In the quest to prepare for DOCSIS 3.0 without undertaking the necessary step of replacing aging coax with fiber, Comcast has been playing around with several solutions designed to postpone the inevitable and squeeze more bandwidth from their copper turnip. The end result? Freeing up anywhere from 25% to 50% of their available bandwidth on the coax last mile.
One of the peskier problems with their bandwidth crunch is the FCC mandate to carry analog signals until 2012, well past the cutoff date for over-the-air analog signals. Analog signals, despite being lower quality, take up significantly more space than their digital counterparts and require transmitting a channel at least twice. RCN has already started a move towards 100% digital transmission by handing out digital-to-analog converter boxes to the hold-outs. Now Comcast is also getting in on it in a move to free up at at least 250MHz of bandwidth or about a quarter of what's available. It's a much better strategy than moving channels to digital tiers to try and force customers to upgrade.
They're also looking at expanding trials of switched digital video or SDV. The current ages-old method is to broadcast all available channels at the same time, an inefficient way to do things when only a handful of cutomers (if any) are watching ESPN 473. SDV helps solve some bandwidth crunch by only transmitting the channels being watched. Unfortunately, this leaves a lot of CableCARD users out in the cold as promised upgrades to support SDV (particularly on TiVos) have failed to materialize. Don't go claiming any conspiracy theories just yet; it's probably just a sign of CableCARD's poor acceptance in the marketplace. Sony is trying to rectify that by working on a new two-way standard from CableLabs.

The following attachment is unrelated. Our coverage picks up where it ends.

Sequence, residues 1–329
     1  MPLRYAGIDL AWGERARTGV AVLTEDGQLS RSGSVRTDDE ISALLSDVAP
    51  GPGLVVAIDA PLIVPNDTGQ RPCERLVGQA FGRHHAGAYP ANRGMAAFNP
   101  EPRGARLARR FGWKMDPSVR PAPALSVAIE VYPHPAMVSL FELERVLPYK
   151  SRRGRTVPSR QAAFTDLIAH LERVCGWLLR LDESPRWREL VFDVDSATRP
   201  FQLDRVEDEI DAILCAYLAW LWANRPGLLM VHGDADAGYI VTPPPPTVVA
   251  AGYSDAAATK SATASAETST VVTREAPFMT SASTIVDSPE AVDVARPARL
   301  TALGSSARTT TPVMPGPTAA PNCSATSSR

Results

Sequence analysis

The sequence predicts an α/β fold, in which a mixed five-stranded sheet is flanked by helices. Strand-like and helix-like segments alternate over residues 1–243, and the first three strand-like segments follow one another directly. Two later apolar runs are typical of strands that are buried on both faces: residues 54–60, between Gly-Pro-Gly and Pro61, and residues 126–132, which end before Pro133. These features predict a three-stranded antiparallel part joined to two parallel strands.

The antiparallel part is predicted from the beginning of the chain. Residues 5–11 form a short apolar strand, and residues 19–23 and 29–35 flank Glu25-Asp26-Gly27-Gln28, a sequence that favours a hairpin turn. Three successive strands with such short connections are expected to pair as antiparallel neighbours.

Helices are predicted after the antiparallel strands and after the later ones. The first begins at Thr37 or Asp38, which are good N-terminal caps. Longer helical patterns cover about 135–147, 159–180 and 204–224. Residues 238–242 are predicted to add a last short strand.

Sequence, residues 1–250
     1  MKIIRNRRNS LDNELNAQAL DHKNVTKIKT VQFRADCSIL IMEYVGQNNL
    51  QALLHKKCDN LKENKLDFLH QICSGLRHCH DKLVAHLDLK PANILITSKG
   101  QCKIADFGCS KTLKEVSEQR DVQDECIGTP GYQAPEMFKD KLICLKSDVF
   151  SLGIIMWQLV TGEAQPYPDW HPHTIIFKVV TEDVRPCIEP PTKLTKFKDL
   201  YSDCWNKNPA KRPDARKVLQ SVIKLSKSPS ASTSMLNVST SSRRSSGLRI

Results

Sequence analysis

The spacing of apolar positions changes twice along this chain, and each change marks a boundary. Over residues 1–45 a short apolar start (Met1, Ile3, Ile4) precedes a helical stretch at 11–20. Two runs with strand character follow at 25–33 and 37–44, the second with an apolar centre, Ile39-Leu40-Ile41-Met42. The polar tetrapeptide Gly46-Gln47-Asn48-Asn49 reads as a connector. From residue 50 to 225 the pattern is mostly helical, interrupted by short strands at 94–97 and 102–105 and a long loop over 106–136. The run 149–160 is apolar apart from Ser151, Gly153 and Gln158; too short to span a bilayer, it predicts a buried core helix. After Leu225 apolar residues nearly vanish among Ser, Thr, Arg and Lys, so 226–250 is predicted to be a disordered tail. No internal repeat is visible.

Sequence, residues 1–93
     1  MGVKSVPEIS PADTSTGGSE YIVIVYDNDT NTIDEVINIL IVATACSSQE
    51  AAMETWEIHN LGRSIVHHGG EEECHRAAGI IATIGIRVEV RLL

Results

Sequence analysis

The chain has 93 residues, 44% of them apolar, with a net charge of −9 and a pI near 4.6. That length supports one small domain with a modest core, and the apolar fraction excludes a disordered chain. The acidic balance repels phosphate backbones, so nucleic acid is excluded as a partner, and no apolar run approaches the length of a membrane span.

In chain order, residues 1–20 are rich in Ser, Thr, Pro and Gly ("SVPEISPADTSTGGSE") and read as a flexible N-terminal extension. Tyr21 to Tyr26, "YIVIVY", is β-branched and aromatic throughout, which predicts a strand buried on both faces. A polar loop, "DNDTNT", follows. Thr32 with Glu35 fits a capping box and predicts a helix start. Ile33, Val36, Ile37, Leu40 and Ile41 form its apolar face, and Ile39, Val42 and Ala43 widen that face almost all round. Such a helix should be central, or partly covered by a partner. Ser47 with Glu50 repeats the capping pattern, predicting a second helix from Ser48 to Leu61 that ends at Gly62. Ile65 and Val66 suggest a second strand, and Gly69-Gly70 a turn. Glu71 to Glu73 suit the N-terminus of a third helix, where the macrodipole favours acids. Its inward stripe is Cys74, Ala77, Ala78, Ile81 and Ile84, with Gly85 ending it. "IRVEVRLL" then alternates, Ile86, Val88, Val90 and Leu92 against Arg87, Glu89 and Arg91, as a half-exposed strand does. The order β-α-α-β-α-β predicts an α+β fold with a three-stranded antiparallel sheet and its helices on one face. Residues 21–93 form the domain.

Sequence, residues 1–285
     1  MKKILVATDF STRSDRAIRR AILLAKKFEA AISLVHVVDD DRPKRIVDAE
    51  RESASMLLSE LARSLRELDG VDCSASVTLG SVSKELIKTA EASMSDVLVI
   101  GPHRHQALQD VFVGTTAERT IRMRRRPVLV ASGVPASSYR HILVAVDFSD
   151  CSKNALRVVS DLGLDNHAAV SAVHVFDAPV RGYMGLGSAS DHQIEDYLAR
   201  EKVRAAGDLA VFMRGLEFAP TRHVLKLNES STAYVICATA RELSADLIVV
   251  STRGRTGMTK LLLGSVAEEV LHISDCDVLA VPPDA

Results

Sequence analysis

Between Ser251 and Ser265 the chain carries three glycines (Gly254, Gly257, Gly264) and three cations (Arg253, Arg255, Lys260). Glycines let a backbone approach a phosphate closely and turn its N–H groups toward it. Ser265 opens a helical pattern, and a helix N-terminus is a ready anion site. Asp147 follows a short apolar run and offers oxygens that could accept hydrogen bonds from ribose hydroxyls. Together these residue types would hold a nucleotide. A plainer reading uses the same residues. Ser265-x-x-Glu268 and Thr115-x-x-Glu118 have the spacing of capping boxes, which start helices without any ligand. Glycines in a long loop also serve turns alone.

Comcast is also working hard to transition the back end from MPEG-2 to the significantly more efficient MPEG-4. This also benefits customers of Comcast Media Center which reportedly includes Mstar. The biggest roadblock will be upgrading legions of older MPEG-2 capable STBs to the newer CODEC, many of which aren't flash-upgradable. While the focus is going to be on VOD and premium channels, more widespread adoption of MPEG-4 could cut the bandwidth footprint of video in half.
Comcast can't get these bandwidth savers in place fast enough. The competition for HD channels is fierce with Dish planning on hitting 100 HD channels by the end of next month. Both CableVision and Verizon are aggressively pursuing new HD channels to stay competitive with satellite providers and Comcast won't be sitting still either. With so many HD sets now in place and the digital cutoff rapidly approaching, the demand for HD content is exploding.
It's also worth noting that Comcast needs to clear the way for DOCSIS 3.0 deployments. SDV is being rolled out first in markets most likely to see DOCSIS 3.0 first such as the Minneapolis/St. Paul area. DSL Reports notes that as storage gets cheaper, demand for bandwidth to access that storage anywhere will only grow. Now is the time to get ahead of the curve.